The goal of biologically diverse, clean and healthy seas by 2020 is unlikely to be reached because measures put in place by Member States, under the Marine Strategy Framework Directive, are weak and need to be far more ambitious.
Several measures could maybe help us on the way to reaching this target.
Dr Sue Kinsey,
MCS Senior Pollution Policy Officer
Those are the findings of a new report from the European Commission which says “achieving good environmental status by 2020 across all European marine regions remains unlikely”. The report says it’s due to a number of weaknesses in the programmes of measures by member states, and gaps in coordination between countries.
Dr Sue Kinsey, MCS Senior Pollution Policy Officer, says the UK’s claim that it will reach Good Environmental Status for litter by 2020, is off the mark: “Even given the very vague target set of an ‘overall reduction in the number of visible litter items within specific categories/types on coastlines’, at the present rate of progress this seems extremely optimistic and I believe will not be achieved.
“Several measures could help us on the way to reaching this target. First and foremost the introduction of a comprehensive Deposit Refund System that includes all containers of all materials and sizes.
“To be most effective this needs to be a system that is integrated across the UK. The introduction of taxes and charges on single use items such as cups and straws, bans on others such as plastic stemmed cotton buds, polystyrene and black plastic packing and the introduction of mandatory recycled content in products and expanded producer responsibility system in the UK – where producers truly pay for the collection, disposal and recycling of their products – would greatly help us reach this goal . But to be effective by 2020, these measures are going to have to brought in urgently and implemented quickly or we will have no chance of achieving clean seas and beaches in the UK in the remotely near future.”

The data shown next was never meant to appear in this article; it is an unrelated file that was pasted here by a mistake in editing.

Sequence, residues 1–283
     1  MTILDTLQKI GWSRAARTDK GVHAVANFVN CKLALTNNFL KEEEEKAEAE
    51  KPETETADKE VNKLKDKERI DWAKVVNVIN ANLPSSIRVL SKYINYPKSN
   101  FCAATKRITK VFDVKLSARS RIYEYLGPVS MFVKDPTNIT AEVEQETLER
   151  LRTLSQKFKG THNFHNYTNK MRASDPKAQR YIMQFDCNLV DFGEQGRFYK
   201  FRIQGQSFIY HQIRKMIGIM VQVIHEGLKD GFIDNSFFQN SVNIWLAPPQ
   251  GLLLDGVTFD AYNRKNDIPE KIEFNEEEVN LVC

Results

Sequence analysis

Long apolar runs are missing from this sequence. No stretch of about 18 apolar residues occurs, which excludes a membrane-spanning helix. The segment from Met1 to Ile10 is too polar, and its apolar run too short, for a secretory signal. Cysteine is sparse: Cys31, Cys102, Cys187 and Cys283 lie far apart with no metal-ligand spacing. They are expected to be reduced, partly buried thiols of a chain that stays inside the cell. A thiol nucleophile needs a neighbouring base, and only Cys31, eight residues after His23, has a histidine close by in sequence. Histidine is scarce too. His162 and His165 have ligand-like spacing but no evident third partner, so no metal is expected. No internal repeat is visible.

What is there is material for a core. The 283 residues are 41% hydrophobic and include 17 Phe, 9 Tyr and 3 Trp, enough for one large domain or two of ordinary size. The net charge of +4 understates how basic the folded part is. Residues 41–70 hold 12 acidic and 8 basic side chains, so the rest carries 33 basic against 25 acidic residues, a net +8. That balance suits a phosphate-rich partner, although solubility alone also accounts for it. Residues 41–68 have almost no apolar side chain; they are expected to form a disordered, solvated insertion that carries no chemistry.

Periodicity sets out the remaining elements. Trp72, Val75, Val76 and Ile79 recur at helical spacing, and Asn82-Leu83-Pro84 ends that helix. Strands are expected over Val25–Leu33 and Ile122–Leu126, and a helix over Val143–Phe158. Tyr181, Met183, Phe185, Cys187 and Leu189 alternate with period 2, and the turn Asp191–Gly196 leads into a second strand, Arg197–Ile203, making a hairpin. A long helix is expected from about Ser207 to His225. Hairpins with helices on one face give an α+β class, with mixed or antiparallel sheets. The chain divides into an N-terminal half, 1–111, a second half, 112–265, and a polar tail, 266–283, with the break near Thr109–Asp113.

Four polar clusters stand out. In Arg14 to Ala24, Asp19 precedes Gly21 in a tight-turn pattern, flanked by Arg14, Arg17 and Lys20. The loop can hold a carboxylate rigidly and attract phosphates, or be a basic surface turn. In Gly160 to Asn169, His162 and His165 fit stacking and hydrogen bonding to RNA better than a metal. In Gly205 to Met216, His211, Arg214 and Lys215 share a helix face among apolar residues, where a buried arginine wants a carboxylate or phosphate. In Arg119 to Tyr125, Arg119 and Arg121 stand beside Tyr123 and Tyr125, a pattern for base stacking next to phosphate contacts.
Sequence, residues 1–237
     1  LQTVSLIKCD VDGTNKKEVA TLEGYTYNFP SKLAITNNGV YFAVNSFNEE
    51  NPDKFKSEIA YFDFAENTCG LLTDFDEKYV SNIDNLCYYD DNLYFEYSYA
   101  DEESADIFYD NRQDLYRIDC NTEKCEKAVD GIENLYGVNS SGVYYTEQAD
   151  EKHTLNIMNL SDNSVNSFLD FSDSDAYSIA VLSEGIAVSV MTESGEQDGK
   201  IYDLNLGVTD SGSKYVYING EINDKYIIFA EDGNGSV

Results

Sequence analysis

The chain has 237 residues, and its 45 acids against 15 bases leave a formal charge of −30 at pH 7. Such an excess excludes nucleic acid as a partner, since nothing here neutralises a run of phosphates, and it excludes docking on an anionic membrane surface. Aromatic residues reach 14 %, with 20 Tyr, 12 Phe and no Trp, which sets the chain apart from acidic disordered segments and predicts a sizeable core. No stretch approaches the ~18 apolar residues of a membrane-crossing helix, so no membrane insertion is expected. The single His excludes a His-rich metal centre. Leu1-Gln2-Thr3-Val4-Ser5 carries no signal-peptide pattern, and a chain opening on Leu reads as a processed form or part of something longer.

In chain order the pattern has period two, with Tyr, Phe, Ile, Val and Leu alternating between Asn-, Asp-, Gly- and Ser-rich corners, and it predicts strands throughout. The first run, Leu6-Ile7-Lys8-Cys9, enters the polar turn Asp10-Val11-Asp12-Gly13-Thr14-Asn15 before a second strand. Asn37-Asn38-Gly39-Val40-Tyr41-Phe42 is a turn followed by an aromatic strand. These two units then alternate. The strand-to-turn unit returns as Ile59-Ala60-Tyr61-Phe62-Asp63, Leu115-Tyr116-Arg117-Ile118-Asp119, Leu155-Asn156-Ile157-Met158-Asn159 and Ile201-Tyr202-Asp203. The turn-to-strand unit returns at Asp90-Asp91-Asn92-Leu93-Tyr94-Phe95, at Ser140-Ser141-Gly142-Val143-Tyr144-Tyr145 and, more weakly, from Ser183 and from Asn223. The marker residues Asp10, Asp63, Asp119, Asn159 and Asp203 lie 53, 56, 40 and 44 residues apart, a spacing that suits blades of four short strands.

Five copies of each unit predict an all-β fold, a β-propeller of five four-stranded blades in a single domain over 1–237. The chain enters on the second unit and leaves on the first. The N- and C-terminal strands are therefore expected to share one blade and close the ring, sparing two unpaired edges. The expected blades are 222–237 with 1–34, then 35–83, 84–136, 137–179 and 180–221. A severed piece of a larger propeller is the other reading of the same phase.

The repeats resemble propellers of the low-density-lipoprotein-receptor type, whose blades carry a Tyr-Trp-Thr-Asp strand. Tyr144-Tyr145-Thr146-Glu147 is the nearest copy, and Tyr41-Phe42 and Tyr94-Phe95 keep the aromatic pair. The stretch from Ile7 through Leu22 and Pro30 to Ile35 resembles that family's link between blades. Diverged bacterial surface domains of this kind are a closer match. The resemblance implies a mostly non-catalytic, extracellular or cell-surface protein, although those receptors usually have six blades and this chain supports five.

Alice Belin, from Seas At Risk, an umbrella organisation of environmental NGOs from across Europe, says member states need to be far more ambitious: ” “With less than two years to go before 2020, the measures put in place by Member States to tackle one of the biggest environmental problems today, the degrading health of our seas, are extremely weak in the face of the challenge.
“Our own analysis of the measures needed to stop overfishing and tackle the plastics issue clearly showed that Member States need to take much more ambitious action to save our seas, including entirely rethinking our production and consumption systems.”
Whilst the Commission report commends Member States for their endeavours, it points to shortcomings in their approach to tackling pollution and the loss of marine biodiversity, such as fragmented efforts to address transboundary problems.
The report says that only a quarter of the measures put forward by Member States are new, while others are actions that were already due to be undertaken by individual members, many of which are not yet actioned.
Seas at Risk suggest that less than half of Member States believe that their measures will lead to clean and healthy seas by 2020, setting themselves up for failure before even trying.
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